Now that's what I call a better rally. Better because breadth was so good. Better because breadth was the best it has been since early October.
Yes, I know all those growth stocks faltered and value thrived and clearly that makes folks a little more nervous. You see, that's because it was the first day with a relatively high put/call ratio on such a big up day.
The curious part about the breadth is that the minor higher high in the S&P 500 saw the cumulative advance/decline line fail to make a new high by just a little bit as well. I am willing to give it a bit of leeway, because both were squeakers, but I think it continues to show us that breadth has not been leading as it had been. It shows us that at best it's keeping pace.
The McClellan Summation Index did finally stop going down, but it took a 100-point rally in the S&P to get it just to stop going down. That usually means there will be another pullback. I think that is likely late this week or next week.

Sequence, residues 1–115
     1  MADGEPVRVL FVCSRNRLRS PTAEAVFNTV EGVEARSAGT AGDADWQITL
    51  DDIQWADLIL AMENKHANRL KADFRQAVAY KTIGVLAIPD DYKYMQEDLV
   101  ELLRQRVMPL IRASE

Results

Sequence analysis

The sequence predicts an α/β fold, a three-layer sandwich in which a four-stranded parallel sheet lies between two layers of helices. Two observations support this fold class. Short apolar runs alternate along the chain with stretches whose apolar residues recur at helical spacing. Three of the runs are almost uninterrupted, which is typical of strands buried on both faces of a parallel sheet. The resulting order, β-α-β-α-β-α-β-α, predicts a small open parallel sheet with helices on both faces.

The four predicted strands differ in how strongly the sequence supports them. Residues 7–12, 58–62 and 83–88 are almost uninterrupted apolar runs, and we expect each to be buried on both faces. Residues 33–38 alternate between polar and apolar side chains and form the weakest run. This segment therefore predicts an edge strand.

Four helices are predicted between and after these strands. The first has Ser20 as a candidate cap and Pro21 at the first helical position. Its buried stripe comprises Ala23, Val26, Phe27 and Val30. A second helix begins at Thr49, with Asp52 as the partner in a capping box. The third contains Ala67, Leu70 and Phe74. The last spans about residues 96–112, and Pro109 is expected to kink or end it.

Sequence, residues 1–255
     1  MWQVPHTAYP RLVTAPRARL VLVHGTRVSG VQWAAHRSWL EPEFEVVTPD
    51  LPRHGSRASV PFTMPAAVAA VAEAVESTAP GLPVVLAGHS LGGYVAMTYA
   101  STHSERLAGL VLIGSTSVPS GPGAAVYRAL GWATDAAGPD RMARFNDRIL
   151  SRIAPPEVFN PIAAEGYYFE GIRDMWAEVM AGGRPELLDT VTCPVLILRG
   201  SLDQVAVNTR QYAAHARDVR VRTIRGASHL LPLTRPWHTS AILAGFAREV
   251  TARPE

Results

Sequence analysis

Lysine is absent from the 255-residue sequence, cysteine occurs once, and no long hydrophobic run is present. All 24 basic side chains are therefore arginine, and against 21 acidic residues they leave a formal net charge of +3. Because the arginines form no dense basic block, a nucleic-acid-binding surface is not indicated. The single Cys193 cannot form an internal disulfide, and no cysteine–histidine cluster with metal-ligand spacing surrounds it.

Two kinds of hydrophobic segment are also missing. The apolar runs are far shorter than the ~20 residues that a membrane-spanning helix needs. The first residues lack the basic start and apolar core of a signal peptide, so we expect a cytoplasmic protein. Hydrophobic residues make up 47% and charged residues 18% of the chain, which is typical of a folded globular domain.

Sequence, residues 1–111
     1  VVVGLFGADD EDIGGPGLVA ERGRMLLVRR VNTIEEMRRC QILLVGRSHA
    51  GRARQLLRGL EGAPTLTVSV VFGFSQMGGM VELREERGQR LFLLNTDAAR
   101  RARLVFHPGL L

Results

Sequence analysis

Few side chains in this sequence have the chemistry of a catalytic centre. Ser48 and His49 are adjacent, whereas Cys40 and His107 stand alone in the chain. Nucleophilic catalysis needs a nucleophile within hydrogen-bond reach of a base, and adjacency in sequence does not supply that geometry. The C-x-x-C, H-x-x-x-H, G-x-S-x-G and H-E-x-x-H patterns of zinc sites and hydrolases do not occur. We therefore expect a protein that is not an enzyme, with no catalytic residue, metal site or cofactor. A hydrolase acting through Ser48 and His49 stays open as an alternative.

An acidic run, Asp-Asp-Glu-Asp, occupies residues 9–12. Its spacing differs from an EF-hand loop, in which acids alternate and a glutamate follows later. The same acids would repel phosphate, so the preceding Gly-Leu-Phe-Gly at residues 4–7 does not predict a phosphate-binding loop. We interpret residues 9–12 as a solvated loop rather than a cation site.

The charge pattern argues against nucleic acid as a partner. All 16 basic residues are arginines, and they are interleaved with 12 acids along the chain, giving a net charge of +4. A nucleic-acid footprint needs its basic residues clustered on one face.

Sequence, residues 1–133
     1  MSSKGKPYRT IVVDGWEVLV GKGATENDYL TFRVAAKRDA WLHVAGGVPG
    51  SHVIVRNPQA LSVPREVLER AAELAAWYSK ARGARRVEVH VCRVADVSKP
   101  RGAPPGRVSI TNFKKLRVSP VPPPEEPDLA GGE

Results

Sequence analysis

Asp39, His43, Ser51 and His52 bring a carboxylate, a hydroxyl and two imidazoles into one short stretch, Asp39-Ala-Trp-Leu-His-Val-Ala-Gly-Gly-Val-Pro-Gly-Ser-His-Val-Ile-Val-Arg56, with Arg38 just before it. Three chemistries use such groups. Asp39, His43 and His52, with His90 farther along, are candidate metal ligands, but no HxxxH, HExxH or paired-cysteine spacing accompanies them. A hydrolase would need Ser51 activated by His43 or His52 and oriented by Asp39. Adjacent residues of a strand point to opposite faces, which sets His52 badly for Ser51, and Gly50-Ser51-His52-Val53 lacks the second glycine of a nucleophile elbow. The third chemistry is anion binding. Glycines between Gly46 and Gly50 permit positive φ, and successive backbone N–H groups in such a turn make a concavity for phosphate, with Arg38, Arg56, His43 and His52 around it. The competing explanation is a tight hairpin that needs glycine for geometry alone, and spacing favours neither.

We see this in the number of stocks making new highs, as well. There are far fewer new highs than there were the last time the indexes were at their highs. The S&P has about 100 fewer new highs and the Nasdaq has about 200. Some might be willing to excuse it because of the growth stocks stalling while the value stocks rose, but that is rationalizing an indicator. New highs need to improve.
The good news is that oil finally saw sentiment get bearish enough to have a rally and Tesla (TSLA) finally had a dose of reality. And of course the banks rallied. The ratio of the Bank Index to the S&P bottomed -- finally -- last week and has now made a one-week high. I think this turn is a positive.
The Bank Index itself is coming up toward some resistance. I am torn as to whether or not it crosses over the line and then retests it (drawn in blue) or if the line is resistance on this trip up and the Bank Index pulls back from here. But I think the improvement in the ratio says the pullback should be shallow.
Another reason I am still in the pullback camp is that the Daily Sentiment Indicator (DSI) for the Volatility Index (VIX.X) is now 12. Any further rallying and it is likely to get itself back to single digits and single-digit readings in the VIX have tended to lead to rallies in the VIX. And rallies in the VIX are usually accompanied by sells offs in stocks. A "W" pattern would help in a big way.